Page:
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Competition is the way
Question of the Day
“When businesses compete, you win,” is true for consumers in every industry in America. From cell phones to computers, quality is improving and costs are shrinking as companies fight to offer the public the best product at the best price. But this philosophy is sadly missing from our health-care insurance system.
Health care comprises nearly 20 percent of our national economy, but outdated bureaucracy and red tape have stifled competition and raised costs. As a result, today more than 45 million are without any health coverage.
As President Bush and many others have noted, our third-party payer health-care system was built for the world of yesterday, not the opportunities of tomorrow. The current patchwork of state regulationhascreated50 mini-monopolies that are driving up costs for everyone, and no one bears this burden more than the ill, the elderly, and the working poor. New regulations cannot solve the problem, because excessive and unnecessary regulations are the problem.
In the past 30 years, state governments have instituted more than 1,500 mandated benefits. According to the Council for Affordable Health Insurance, these mandates have increased the cost of individual health insurance by as much as 45 percent in some markets. Some people may not want or need health insurance coverage for drug abuse treatment, hair pieces, or acupuncture — but if the state they live in mandates it, they can only buy policies with that coverage. You can be sure the policies are more expensive as a result. Speaker Dennis Hastert likened the situation to requiring everyone to purchase a Cadillac when all they want or need is a Chevy.
To address this problem, we have introduced the Health Care Choice Act, which would break down these state-imposed barriers to affordable insurance. Under the Health Care Choice Act, individuals would continue to shop for health insurance as they do now — in consultation with an insurance agent in their hometown, online, by mail or over the phone. But consumers would no longer be limited only to policies that meet their state’s regulations and mandated benefits. Instead, they would be able to select from a wide array of insurance policies that are qualified in one state and offered for sale in multiple states, thus allowing them to choose the policy that best suits their needs — and their budget.
For example, families could choose between similar policies with a $500 deductible that cost $3,780 in New Jersey, $1,471 in Maine, $466 in Wisconsin, or $355 in Arizona. With this huge variation in price, it’s clear that consumers who already have health insurance — especially those in excessively regulated states like New Jersey — would see substantial savings. Plus small-business owners, young people and low-income working families who are currently priced out of the market could afford health insurance.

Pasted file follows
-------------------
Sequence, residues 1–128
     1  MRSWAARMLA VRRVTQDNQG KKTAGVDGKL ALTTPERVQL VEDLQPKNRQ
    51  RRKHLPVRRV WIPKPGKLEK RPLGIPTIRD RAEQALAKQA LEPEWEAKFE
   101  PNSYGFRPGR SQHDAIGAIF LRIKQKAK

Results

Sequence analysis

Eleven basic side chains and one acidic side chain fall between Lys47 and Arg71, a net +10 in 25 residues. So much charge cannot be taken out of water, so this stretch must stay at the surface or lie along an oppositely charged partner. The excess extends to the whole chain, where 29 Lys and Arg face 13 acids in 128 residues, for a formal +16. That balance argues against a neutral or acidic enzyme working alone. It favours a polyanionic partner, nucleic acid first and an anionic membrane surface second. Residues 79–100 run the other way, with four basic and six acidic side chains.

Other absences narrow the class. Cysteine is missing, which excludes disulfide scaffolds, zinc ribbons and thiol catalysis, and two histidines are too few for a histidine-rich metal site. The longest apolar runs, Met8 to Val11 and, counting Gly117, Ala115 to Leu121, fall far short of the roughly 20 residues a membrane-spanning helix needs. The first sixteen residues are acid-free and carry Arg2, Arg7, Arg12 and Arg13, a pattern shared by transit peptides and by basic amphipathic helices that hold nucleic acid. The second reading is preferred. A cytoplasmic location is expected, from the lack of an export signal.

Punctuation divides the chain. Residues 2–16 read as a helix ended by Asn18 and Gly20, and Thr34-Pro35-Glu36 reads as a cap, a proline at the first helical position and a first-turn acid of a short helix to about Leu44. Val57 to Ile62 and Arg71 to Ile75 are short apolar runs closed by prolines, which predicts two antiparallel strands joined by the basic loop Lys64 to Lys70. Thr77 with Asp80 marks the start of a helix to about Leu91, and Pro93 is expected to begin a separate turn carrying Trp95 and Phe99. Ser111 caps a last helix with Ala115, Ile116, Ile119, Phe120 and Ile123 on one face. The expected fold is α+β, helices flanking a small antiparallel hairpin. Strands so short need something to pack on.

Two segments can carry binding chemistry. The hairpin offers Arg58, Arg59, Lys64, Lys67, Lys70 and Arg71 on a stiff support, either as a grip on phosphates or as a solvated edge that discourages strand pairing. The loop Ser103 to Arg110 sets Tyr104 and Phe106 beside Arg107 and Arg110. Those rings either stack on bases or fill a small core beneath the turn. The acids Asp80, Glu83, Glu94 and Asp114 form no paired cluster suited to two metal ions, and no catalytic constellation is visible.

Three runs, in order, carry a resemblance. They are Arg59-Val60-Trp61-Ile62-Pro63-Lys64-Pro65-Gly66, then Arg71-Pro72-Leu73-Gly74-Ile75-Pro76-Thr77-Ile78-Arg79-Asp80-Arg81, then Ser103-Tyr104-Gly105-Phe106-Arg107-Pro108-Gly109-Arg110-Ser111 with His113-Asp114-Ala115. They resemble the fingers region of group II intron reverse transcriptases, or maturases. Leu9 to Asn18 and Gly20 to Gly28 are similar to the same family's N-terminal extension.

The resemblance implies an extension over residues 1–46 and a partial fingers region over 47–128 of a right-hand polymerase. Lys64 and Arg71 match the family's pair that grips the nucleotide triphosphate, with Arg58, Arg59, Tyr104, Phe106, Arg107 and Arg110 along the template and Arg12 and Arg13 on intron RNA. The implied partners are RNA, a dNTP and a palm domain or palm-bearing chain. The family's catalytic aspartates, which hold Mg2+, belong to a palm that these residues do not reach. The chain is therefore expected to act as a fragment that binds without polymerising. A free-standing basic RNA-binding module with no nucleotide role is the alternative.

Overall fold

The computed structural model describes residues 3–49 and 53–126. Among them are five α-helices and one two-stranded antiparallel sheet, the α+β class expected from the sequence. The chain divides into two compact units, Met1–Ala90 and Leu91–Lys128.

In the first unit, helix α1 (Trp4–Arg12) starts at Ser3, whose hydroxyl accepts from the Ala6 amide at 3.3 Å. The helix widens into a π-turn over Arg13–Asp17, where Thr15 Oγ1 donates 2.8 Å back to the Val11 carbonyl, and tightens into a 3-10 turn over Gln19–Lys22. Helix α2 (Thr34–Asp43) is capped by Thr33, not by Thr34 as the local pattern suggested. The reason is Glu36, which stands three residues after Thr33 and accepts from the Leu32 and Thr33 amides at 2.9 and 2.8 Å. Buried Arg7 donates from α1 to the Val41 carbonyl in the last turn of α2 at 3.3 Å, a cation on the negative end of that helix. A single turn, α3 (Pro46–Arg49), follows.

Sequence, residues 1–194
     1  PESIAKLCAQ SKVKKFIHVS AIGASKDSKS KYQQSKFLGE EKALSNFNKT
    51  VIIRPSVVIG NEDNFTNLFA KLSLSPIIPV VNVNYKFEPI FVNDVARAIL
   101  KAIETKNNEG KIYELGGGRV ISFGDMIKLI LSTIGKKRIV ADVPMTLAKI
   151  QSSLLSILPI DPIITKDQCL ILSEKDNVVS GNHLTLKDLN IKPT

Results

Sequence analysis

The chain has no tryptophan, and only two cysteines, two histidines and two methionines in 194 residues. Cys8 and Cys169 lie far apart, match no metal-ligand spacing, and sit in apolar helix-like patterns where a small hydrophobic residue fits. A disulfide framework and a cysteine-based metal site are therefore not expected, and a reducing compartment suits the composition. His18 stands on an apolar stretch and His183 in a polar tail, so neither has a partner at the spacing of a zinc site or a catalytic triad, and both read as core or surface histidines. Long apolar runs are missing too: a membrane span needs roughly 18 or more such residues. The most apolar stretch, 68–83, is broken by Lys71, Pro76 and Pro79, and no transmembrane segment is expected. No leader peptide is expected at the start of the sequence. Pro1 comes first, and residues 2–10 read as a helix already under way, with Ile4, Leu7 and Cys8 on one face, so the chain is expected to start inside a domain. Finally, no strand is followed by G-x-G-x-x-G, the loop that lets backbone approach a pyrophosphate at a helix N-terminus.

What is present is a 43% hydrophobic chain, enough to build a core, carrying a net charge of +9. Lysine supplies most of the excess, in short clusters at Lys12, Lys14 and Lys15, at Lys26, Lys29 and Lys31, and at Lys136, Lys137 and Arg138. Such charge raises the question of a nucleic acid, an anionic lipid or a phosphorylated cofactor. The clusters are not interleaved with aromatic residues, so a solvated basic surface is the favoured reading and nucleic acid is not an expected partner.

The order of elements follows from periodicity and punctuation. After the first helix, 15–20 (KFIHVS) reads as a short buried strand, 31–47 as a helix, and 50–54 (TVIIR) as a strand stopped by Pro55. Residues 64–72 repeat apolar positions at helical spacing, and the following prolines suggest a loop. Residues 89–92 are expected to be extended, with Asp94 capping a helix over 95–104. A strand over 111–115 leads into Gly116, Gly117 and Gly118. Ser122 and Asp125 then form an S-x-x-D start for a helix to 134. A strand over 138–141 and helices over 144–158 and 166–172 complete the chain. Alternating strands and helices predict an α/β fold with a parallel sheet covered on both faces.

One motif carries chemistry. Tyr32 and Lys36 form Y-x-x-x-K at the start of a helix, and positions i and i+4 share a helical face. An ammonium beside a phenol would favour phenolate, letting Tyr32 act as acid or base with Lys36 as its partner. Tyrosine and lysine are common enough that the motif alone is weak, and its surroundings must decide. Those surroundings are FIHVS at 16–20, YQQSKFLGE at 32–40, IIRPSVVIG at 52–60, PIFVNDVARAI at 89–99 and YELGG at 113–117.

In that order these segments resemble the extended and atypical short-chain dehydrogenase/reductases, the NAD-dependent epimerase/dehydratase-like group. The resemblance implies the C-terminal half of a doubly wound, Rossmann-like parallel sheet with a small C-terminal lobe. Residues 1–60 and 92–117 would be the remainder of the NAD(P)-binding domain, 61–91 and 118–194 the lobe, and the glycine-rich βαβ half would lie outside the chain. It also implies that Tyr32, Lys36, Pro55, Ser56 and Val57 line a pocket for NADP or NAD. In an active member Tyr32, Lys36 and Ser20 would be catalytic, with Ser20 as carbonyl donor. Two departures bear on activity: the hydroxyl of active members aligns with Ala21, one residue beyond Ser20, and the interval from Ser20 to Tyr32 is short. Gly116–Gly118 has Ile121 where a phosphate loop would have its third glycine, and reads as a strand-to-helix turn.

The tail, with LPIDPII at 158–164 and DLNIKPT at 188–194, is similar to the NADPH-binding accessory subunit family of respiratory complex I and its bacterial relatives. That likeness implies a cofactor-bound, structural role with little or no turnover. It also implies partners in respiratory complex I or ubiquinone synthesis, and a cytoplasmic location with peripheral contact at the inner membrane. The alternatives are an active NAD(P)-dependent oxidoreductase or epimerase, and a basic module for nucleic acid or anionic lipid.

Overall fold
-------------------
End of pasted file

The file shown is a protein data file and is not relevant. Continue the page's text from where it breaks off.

Additionally, this bill would allow insurance companies to consolidate administrative functions by making them comply with only a single state’s review of coverage and qualifications, as opposed to 50. The savings would invariably find their way back to consumers as insurance companies lowered premiums to compete for business.
Not surprisingly, this bill faces opposition from lobbyists who have a vested interest in protecting the current monopoly system. Naysayers have already started claiming the sick will be left with skyrocketing premiums and unwitting consumers will be preyed upon by unprincipled insurers in under-regulated states. Scare tactics are always a predictable last resort of monopolies.
The good news is, Americans know firsthand the benefits of a free market — more choices, lower prices, higher quality — and there is no reason why we cannot help them see these same benefits in health care. This includes high-risk consumers, who would even have the option to decline coverage they don’t truly need, thus increasing their savings even more. And states, currently charged with protecting their residents, will still have the capability and responsibility to go after insurance carriers that victimize consumers. Under this bill, states will simply be held accountable to reconcile their regulatory policies with the realities of a competitive market — something they already successfully do in nearly every other sector of our economy.
The choice for the future of American health care is clear. Either we continue to allow bureaucrats and regulators to call all the shots and watch costs and the number of uninsured surge or we take steps to create a bold new patient-centered health-care system that puts Americans back in charge.
With the nation’s health on the line, Congress must rise to the challenge and empower consumers,offerthem choices, and restore affordability. In doing so, we can insure that America’s health care slogan for the 21st century will be “When insurance providers compete, patients win.”
Rep. John Shadegg is an Arizona Republican. Sen. Jim DeMint is a South Carolina Republican.
By Michael P. Orsi
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